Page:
You don’t have to develop the frontend separately and ensure that it’s well integrated with your backend system, unlike the case with a headless CMS. What does making a basic product without code mean? It saves you money on development because it takes significantly less time.

A headless CMS is costlier and more difficult to manage. You’ll have to pay for the CMS, developers, and the infrastructure to run your website or app. You may need to create everything from the ground up rather than use pre-made themes.

2. Speed

If we compare the development speed of headless CMSs and no-code tools, no-code are the clear winners.

Templates and ready-to-use building pieces help you faster realize an idea, present a minimum viable product (MVP) or even a fully functional website or application. That’s the reason to choose the no-code option -- when speed to market is critical to you.

Many headless CMSs lack accessible content creation features as they were established with a developer-first philosophy. It may hinder the company’s growth with the time wasted on dealing with a complex structure.

Flexible headless deployments have a more sophisticated architecture. Their components have a separate infrastructure that you need to design, control, and maintain. If you don’t do it correctly, you’ll have performance, reliability, and scalability problems, which will also mean additional time for fixing them.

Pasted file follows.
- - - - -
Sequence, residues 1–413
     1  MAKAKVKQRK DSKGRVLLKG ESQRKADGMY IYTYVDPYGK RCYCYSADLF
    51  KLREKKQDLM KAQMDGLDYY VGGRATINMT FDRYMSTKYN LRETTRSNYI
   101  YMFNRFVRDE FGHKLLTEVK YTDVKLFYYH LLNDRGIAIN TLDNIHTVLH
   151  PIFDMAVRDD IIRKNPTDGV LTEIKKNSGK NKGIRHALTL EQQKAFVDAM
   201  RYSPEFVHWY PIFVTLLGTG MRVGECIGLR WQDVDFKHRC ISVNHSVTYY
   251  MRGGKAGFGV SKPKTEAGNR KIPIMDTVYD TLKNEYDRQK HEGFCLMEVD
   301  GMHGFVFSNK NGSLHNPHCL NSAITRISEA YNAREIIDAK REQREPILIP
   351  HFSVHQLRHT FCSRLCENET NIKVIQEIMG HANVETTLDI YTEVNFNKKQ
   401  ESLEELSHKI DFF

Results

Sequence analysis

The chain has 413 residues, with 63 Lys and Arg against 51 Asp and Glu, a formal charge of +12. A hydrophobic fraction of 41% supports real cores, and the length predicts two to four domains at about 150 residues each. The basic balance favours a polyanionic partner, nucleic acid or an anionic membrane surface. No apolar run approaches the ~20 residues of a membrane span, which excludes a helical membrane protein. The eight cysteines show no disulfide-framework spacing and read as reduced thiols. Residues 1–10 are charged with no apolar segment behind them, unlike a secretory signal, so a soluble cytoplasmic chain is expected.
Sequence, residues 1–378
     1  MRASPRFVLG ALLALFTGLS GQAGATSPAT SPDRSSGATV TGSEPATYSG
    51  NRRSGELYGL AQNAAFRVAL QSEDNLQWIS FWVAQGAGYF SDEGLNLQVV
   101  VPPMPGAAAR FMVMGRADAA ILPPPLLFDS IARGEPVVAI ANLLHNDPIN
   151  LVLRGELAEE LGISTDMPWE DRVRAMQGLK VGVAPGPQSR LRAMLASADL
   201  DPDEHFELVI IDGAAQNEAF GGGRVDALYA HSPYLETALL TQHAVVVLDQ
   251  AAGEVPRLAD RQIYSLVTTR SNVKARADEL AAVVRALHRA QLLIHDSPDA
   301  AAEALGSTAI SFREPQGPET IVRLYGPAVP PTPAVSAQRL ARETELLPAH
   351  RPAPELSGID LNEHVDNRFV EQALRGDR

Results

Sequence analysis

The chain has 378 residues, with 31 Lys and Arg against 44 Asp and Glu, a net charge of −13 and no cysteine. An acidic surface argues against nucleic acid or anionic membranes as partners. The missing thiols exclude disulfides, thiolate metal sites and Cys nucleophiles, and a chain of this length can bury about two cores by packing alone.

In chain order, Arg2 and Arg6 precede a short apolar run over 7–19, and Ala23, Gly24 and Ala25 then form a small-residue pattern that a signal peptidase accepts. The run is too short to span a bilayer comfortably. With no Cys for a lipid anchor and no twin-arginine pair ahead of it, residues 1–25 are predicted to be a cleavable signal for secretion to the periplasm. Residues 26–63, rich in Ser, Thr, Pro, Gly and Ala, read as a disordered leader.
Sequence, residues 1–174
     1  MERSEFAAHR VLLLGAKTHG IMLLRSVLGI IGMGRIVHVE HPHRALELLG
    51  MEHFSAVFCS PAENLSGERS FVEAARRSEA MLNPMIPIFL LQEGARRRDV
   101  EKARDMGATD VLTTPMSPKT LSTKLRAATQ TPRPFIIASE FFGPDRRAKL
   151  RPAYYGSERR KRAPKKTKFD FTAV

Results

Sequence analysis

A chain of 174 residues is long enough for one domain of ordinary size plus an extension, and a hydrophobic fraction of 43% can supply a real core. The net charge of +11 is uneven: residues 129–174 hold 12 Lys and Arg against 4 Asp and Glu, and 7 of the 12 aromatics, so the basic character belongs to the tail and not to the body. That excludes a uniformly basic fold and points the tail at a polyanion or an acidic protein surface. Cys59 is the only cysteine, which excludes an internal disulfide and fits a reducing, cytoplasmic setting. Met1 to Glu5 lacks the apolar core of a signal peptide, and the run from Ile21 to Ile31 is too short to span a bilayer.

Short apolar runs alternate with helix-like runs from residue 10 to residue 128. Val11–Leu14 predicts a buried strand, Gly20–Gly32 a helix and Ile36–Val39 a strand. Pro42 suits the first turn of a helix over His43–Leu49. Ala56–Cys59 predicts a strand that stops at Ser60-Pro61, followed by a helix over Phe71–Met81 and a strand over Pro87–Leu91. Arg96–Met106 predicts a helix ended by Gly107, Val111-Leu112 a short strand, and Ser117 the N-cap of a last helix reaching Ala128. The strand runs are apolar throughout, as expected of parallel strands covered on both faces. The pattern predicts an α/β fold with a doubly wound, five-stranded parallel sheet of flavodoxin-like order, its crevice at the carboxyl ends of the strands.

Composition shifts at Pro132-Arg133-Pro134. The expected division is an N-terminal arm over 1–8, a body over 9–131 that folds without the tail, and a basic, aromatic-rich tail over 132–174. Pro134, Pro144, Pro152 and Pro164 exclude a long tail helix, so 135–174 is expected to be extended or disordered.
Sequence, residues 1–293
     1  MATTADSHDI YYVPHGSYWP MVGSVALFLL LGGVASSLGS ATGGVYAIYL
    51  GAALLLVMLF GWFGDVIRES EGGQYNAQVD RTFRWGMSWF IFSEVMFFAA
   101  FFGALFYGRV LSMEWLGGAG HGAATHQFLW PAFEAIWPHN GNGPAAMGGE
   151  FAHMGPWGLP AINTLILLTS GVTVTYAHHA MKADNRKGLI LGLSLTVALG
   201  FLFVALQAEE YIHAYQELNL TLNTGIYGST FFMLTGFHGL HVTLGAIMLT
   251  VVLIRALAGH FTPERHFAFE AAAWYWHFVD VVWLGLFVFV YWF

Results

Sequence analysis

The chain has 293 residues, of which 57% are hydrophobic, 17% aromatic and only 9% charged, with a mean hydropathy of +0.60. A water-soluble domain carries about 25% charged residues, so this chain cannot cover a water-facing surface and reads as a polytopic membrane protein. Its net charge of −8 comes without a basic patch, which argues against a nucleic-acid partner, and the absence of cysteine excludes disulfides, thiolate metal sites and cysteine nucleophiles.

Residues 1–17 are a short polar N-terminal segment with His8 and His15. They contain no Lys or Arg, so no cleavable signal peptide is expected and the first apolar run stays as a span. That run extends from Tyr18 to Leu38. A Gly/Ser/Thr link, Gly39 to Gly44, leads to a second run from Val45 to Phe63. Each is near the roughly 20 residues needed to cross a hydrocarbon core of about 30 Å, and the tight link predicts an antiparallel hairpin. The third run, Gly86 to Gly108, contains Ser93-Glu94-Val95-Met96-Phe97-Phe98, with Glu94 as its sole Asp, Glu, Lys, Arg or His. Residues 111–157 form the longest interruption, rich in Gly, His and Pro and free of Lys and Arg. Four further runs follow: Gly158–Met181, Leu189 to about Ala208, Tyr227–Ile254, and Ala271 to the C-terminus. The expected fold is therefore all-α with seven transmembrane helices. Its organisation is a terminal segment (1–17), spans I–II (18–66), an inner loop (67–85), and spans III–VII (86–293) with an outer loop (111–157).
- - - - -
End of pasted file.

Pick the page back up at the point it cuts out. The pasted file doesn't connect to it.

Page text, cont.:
3. Scalability

No-code tools serve specific purposes, from website builders to employee onboarding, project management, and automation tools. It’s more than enough for new companies that need to get a website or app and start making money. But what if you plan to grow the business and cover various devices or systems in the future?

If your project grows beyond a standardized use case, you may have a severe problem. You’ll have to employ different no-code technologies, which is hard to carry out.

On the other hand, a headless CMS lets developers use their preferred tools and customize the sites and apps according to the growing project or changing requirements.

4. Security

Among the potential issues of using a no-code platform are privacy and security risks. When you host data on a vendor’s server, you don’t have access to the source code or control over its storage.